The Court of Appeals of Virginia, by order entered July 12, 2011, granted Elder a belated appeal. (Record No. 1611-11-3.) This order states that "all computations of time as required by the Rules of Court and applicable statutes" would commence on that date. Dull timely filed a notice of appeal in which he referred to himself as Elder's retained counsel. On November 14, 2011, Dull moved for and was granted an extension of time until November 24, 2011 to file Elder's petition for appeal. Dull never filed the petition for appeal. Consequently, by order dated December 8, 2011, the Court of Appeals of Virginia dismissed Elder's appeal for failure to file the petition for appeal within the prescribed time. The state court records do not indicate that Dull, at any time, moved to withdraw as Elder's counsel of record. Although Dull remained counsel of record for Elder at the time the appeal was dismissed, Elder states that Dull did not notify him in a timely manner of that dismissal.

Elder states that he wrote to Dull to inquire about the appeal, but received no response, and that Mrs. Elder, too, tried several times to contact Dull. She told Elder that if Dull responded to her at all, "it usually was a conversation about needing more funds." (Response 7, ECF No. 22.) Elder does not document the dates on which he and Mrs. Elder attempted to contact Dull about the appeal.

In March 2012, Dull emailed Mrs. Elder, saying that he no longer represented Elder and that the appeal had been denied. Elder filed a bar complaint against Dull in April 2012 with the Virginia State Bar ("VSB").[3] Elder also wrote to Dull, and his sister called the attorney repeatedly in May 2012, asking for Dull's file on Elder's case, but they received no response. Elder finally received his file from Dull in late September 2012. Elder asserts that only then, in reviewing items in the file, did he discover the Court of Appeals of Virginia order stating that the belated appeal was dismissed because Dull never filed the petition for appeal.

Based on this new information, in October 2012, Elder filed a second complaint against Dull with the VSB. After investigation of Elder's complaint and complaints from several other clients, the VSB issued a public reprimand against Dull in June 2014. The reprimand includes the following stipulations of fact, relevant to Elder's current claim:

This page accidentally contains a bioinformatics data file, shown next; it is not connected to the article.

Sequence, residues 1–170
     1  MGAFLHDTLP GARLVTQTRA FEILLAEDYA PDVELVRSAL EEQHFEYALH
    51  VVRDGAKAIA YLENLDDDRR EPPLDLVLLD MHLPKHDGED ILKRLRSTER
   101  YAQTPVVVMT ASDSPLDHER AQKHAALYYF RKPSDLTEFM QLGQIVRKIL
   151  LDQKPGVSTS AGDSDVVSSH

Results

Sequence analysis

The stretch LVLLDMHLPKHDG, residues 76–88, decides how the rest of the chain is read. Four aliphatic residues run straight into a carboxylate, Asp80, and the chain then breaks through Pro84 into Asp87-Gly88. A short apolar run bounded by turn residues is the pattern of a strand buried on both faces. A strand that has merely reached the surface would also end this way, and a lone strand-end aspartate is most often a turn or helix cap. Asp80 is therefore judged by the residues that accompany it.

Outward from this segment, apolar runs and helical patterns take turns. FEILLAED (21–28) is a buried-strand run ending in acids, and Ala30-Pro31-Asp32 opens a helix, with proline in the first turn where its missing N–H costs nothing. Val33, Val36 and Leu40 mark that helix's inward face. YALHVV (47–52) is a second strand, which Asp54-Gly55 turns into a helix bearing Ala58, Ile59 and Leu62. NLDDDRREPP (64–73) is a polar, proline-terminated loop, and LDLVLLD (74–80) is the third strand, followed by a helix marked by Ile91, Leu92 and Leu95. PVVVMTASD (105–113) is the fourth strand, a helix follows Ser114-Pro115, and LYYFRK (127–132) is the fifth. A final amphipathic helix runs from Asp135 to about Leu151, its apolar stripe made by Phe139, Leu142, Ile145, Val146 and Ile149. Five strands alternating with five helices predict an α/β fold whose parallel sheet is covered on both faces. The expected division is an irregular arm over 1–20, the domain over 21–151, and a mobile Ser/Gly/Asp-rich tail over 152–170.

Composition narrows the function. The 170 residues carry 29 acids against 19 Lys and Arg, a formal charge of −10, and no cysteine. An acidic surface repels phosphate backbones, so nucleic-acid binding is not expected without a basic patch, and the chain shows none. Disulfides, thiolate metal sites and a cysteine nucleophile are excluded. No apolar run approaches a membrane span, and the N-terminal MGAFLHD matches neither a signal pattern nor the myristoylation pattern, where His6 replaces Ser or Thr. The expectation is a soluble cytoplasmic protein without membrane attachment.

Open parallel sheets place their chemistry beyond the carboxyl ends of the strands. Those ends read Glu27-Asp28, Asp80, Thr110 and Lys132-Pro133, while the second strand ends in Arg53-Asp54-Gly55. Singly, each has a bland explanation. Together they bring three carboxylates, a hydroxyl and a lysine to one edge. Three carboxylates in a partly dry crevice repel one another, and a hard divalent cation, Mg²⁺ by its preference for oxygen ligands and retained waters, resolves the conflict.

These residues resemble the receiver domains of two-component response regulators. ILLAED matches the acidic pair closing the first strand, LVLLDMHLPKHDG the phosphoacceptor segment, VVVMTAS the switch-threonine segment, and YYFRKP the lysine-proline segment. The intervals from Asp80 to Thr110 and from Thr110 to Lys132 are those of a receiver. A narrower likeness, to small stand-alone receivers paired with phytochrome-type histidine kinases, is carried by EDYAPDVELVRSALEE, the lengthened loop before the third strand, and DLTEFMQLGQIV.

Elder's trial attorney did not file an appeal [of Elder's 2005 criminal judgment] barring Elder's ability to appeal his conviction. Elder's wife hired [Dull] to file a habeas corpus petition to seek a delayed appeal [and made] an initial payment of $2, 500.00 to perform the work.... [Dull] successfully obtained the relief of a delayed appeal [but] never filed the appeal. Elder's wife alleges that after the trial court granted the delayed appeal, [Dull] stopped communicating with her. [Dull] stated that he did not file the appeal because of alleged non-payment by Elder.

(VSB Doc. 3, ECF No. 27) (paragraph numbers omitted.)[4]

On April 30, 2013, Elder signed and dated a pro se petition for a writ of habeas corpus in the Supreme Court of Virginia, received by the court on May 2, 2013. Elder's sole claim alleged that Dull's failure to file the petition for appeal was ineffective assistance warranting a second belated appeal. (Record No. 130729.) That Court dismissed the petition on June 14, 2013, finding that it was time barred. See Va. Code Ann. § 8.01-654(A)(2). Elder also filed a motion in the Supreme Court of Virginia on July 9, 2013, requesting a second belated appeal. The Court denied this motion by order dated August 1, 2013.

Elder signed and dated his pro se federal habeas petition on October 15, 2013, and states under penalty of perjury that he placed the petition in the prison mailing system on that date. As his grounds for relief, Elder states that, based on the facts the court has just summarized, his trial counsel, as well as his "retained" counsel (Dull), had provided ineffective assistance. Elder does not clearly state the particular claims that he intends to pursue regarding alleged ineffectiveness by either of his attorneys. Liberally construing his pleadings, however, the court will presume that Elder raises here the same claims he raised about his trial attorney in his first state habeas petition, absent the claims ...